In 1991, the best-selling singles act in the world was ‘The KLF,’ a duo consisting of Bill Drummond and Jimmy Cauty. This UK-based group engaged in varied activities and made a point of both mocking the music industry as a whole and not earning a single thing. During their short careers neither one of the pair made any money, instead putting all of their earnings back into increasingly lavish productions. Through the early 90’s their popularity soared with the release of their number one hit ‘Doctorin’ the Tardis’ which mashed together the Doctor Who theme with Rock and Roll (Part Two) and other popular songs of the era. The hit was slated by critics universally but still managed to reach the top ten in Australia and Norway.
The end of the peculiar ride came with an incendiary performance by The KLF at the Brit Awards. They joined up with the band Extreme Noise Terror and, on prime-time television and performed a thrash metal version of their popular song ‘3.am eternal.’ Bill Drummond was on crutches screaming the lyrics into the microphone. He then hobbled off stage and came back on with a large automatic machine gun and a cigar, for effect. He then fired blanks into the audience which panicked. At the end they left the stage and the announcer declared:
“The KLF have now left the music Industry.”
This turned out to be very prescient as later that year the pair retired swiftly and entirely. Then they had a problem. Over the next few months their music still was bringing them money, but they didn’t want to make a profit. By 1993 they had £1,000,000 between them, so they set up the ‘K – Foundation.’ It was initially a fund to help struggling artists but then, true to form they decided against it.
“We realised that struggling artists are supposed to struggle, that’s the whole point.”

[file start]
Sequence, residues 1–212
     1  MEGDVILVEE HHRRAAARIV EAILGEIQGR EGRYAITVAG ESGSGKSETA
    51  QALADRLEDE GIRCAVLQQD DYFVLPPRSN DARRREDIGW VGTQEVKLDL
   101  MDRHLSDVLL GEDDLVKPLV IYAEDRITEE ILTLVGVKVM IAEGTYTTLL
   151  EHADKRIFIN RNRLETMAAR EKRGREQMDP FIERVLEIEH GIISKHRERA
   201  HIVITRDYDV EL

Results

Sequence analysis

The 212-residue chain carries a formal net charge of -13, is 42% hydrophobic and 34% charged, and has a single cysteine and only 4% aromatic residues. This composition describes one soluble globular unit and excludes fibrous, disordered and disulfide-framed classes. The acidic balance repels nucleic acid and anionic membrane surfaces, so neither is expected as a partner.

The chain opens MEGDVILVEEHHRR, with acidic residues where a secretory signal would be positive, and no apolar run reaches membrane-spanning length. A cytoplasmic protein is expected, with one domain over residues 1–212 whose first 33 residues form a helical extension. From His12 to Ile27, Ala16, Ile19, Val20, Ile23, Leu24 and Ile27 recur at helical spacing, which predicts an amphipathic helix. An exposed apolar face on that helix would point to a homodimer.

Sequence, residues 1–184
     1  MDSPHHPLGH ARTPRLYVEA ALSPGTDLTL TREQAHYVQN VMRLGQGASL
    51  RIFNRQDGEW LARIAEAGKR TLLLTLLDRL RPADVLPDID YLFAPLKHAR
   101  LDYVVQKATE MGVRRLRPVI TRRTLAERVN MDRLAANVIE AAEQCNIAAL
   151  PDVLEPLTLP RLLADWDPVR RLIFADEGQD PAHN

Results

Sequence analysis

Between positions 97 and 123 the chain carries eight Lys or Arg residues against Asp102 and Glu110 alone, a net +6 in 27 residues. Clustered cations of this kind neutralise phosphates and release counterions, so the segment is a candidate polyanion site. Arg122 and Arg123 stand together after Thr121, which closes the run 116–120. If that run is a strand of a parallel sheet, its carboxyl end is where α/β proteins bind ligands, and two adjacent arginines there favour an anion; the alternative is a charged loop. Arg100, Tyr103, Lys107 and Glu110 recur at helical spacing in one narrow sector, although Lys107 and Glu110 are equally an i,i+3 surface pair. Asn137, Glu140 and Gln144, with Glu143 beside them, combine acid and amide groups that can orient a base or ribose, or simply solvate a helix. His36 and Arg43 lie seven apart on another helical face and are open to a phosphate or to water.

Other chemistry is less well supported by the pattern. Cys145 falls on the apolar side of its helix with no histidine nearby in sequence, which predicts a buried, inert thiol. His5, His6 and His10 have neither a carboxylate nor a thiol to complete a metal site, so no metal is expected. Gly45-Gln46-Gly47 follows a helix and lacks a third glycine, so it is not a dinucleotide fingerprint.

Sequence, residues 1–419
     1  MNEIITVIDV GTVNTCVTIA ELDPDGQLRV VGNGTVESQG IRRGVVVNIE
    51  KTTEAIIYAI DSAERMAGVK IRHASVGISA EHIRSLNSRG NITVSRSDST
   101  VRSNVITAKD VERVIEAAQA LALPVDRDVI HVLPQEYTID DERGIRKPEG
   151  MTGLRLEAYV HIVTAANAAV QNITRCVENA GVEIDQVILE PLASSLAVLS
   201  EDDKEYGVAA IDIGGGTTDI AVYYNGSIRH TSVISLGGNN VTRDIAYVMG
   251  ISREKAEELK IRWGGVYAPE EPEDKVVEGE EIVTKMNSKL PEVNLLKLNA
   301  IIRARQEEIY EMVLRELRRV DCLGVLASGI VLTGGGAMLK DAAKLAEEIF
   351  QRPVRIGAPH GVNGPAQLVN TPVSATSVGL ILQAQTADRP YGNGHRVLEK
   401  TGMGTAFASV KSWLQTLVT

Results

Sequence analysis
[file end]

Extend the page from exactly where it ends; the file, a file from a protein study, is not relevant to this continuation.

Their first deed, nailing all of the money to a pine frame, but no galleries would exhibit it. They considered taking it to Russia by train but no company was willing to insure it. They were at a loss as to what to do when in 1994 they had an idea. In a café they were trying to decide what to spend the money on, then they scrapped that. They would burn it.
It started with what was the largest single cash transaction in the history of British banking, one million pounds sterling, an unintentional extra. On the 22nd August the pair and a roadie they referred to as ‘Gimpo’ took a ferry across to the quiet island of Jura, just off the coast of Scotland, the site of one of their previous lavish ‘productions’, a wicker man burning ceremony they had held. Then early the next morning they lit the fire. Jim Reid was the only independent witness on the scene wand watched with dismay as inside that large and abandoned industrial building they tossed in the thick bundles of £50 notes, each bundle was worth £50,000.
The bundles wrapped in cellophane were recorded on film by ‘Gimpo,’ the group worried about whether or not the money would burn, then suddenly a bundle ignited, agitating the fire and slowly being consumed by it. Jim Cauty unwrapped a bundle and gleefully hurled £50 notes at the fire while Bill Drummond used a plank to push in the stray cash spat out by the fire. Many £50 notes were caught in the significant draft caused by the fire and an estimated £100,000 rose up the chimney. Gimpo filmed the outside briefly and watched the cash flow out the top and sink slowly downwards amongst the spark and cinders.
The reporter later wrote in an article about the guilt he felt initially and the shock when they actually did the thing. These turbulent emotions soon settled down and became a troubled version of boredom as a fortune went up in smoke before his eyes. The whole fire took an hour, later the ash was collected and made into a brick. Months later the islanders reported finding singed notes about the place, believing, unlike many, that the story was true.
The filming done by ‘Gimpo’ was turned into a 67 minute film proudly called ‘Watch the K Foundation Burn a Million Quid’ (Quid being British slang for the pound). It toured around the country and at the end of each showing the pair engaged in a debate with the audience, was it right, wrong or none of your business? It gathered serious media attention but perhaps the biggest change was within the duo themselves.
Until 2000 Bill Drummond claimed to suffer no remorse but by 2004 he admitted to the BBC how difficult it was to justify the decision.
“It’s a hard one to explain to your kids and it doesn’t get any easier. I wish I could explain why I did it so people would understand.”
Jim Cauty himself worried much more about the decision, his friends declared him to be suffering from mild depression and a form of shock.
“Every day I wake up and think ‘Oh God! I’ve burnt a million quid and everyone thinks it’s wrong’.”
Whether or not it is wrong, is up for debate. Which is all they really wanted.